Rock Rapids, IA – Dorene Weinstein, Argus Leader – Amy and Chuck Meiburg thought their family had a brutal case of the flu last winter.

Amy woke up with a severe headache, her two children were sick and Chuck was lightheaded.

“We would try to make it to the phone (to call for help) and get as far as the dining room,” she says. “You’d see the light (coming through the window) and it’d bring you to your knees, we got so dizzy. So we’d lay down and try again an hour later.”

When the rural Rock Rapids, Iowa, family called a nurse hot line, the message was clear: Get out of the house. “She said if we didn’t have fevers, it could be carbon monoxide poisoning.”

Now, Amy and Chuck are grateful they and their children are alive after encountering the deadly gas.

The Meiburgs ended up in the hospital overnight, receiving two hyperbaric treatments each in a process that helps remove the poisonous gas from blood. They were lucky, they say, and hope their experience can be a lesson to others.

Turning on the furnace or another heating source this fall can be risky if the heaters haven’t been checked recently. “If we would have fallen asleep, we would’ve been goners,” Amy Meiburg says.

But there are steps people can take to reduce the risk of carbon monoxide poisoning.

Carbon monoxide is a naturally occurring byproduct of combustion that mixes easily with air, says Perry Volden, the Sioux Falls fire marshal. The gas is tasteless and odorless and produced by fireplaces, gas dryers, hot-water heaters, wood-burning stoves, portable heaters run by petroleum fuel or natural gas and charcoal grills. If the system isn’t ventilated properly or working properly, the gas can build up.

After their experience with carbon monoxide, the Meiburgs replaced their faulty furnace and added three carbon monoxide detectors, which can increase the chance for early detection. Some detectors also work as smoke detectors, Volden says. They should be replaced every five years; even if a sensor tests OK after that, it still may not be fully functional.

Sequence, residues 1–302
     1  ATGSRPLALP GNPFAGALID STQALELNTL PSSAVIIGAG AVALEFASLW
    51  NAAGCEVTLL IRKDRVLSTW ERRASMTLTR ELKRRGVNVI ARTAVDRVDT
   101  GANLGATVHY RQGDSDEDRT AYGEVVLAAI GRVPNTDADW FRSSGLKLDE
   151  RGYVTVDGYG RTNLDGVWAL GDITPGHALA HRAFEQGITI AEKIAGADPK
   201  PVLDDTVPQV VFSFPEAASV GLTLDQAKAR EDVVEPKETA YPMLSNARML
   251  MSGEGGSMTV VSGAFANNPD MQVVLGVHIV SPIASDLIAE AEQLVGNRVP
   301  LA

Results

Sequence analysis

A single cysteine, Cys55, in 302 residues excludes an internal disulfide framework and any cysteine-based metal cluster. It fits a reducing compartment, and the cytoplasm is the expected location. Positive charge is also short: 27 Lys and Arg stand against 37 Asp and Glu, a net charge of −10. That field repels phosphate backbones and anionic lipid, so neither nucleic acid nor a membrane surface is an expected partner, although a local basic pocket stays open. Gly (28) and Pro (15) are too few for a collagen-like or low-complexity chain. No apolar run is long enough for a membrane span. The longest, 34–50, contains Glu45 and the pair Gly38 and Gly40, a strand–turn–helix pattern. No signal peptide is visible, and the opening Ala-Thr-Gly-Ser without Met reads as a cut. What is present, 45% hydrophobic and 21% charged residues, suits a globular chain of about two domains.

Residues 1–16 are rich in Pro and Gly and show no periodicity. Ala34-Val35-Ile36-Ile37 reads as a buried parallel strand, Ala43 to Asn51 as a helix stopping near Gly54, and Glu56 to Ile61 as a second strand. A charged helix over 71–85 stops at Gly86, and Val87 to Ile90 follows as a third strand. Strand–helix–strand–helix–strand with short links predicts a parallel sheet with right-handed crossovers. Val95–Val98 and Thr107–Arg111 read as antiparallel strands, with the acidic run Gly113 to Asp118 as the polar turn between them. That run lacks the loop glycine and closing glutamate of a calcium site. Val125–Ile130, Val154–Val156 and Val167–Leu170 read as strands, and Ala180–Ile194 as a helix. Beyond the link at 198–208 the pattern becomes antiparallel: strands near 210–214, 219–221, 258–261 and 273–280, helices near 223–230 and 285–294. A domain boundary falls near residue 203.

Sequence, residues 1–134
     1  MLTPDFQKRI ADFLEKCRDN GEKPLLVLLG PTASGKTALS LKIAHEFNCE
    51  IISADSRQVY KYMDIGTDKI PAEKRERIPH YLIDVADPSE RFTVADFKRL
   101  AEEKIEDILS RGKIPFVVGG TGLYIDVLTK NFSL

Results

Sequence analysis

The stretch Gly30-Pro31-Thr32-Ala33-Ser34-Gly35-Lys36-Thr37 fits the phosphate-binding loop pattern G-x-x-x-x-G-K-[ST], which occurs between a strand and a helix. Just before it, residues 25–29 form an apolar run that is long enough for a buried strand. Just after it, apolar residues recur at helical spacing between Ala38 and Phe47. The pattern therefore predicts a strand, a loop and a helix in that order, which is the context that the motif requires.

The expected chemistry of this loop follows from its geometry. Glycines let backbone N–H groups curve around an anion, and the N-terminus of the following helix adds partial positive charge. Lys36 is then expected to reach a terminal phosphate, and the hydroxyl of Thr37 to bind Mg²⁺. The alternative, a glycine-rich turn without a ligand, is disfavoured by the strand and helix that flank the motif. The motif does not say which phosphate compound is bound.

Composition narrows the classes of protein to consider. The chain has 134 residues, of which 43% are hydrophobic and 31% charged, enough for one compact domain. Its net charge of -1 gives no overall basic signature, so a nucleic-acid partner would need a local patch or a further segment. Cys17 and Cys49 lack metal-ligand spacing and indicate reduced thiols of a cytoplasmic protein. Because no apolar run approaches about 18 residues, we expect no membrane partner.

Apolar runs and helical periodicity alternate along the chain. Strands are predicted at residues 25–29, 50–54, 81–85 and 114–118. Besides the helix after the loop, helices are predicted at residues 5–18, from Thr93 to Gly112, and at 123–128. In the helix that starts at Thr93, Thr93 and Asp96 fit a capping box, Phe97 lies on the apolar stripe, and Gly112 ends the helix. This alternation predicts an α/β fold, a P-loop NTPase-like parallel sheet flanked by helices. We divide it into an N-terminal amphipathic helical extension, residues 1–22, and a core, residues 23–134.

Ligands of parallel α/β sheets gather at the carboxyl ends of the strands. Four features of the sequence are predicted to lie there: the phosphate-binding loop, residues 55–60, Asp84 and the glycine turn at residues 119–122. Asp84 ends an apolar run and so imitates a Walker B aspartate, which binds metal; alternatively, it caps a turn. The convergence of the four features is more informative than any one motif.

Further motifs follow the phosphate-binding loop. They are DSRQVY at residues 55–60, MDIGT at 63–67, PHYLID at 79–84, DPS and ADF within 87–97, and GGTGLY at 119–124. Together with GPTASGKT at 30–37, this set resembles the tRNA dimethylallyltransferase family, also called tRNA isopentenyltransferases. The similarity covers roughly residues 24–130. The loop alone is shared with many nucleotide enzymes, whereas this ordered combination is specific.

Also, change furnace filters regularly, and have the furnace checked if it is more than 2 years old. Never try to heat a garage with a grill, Volden says.

It takes about an hour to examine the furnace, which involves checking the carbon monoxide level, gas pressure and venting and looking for gas leaks, says Greg Lorenzen, service manager at Howe Heating & Plumbing in Sioux Falls.

“Every year, we find a few cracked heat exchangers,” which can lead to a buildup of carbon monoxide, Lorenzen says.

Symptoms of carbon monoxide poisoning mimic those related to the flu and colds. If the whole family has similar symptoms while at home – such as dizziness, nausea and irregular breathing but no fever – but feel fine while away, the culprit could be carbon monoxide.

If symptoms persist, leave the house and call 911, Volden says. “We have equipment that can detect any problems.”

The Meiburgs took themselves to the hospital, but “I don’t remember how we got there,” Amy says.

The normal level of carbon monoxide in the body is less than 3 percent. “My husband’s level was more than 30,” she says.

After a victim has been treated, however, the effects of carbon monoxide poisoning can last up to two years, Amy Meiburg says.

The family still experiences sudden dizzy spells and short-term memory disturbances, she says. “Every day, we’re thankful we’re here. But we’ve had many sleepless nights since then. You check on your kids, make sure they’re breathing. You have that fear in you now.”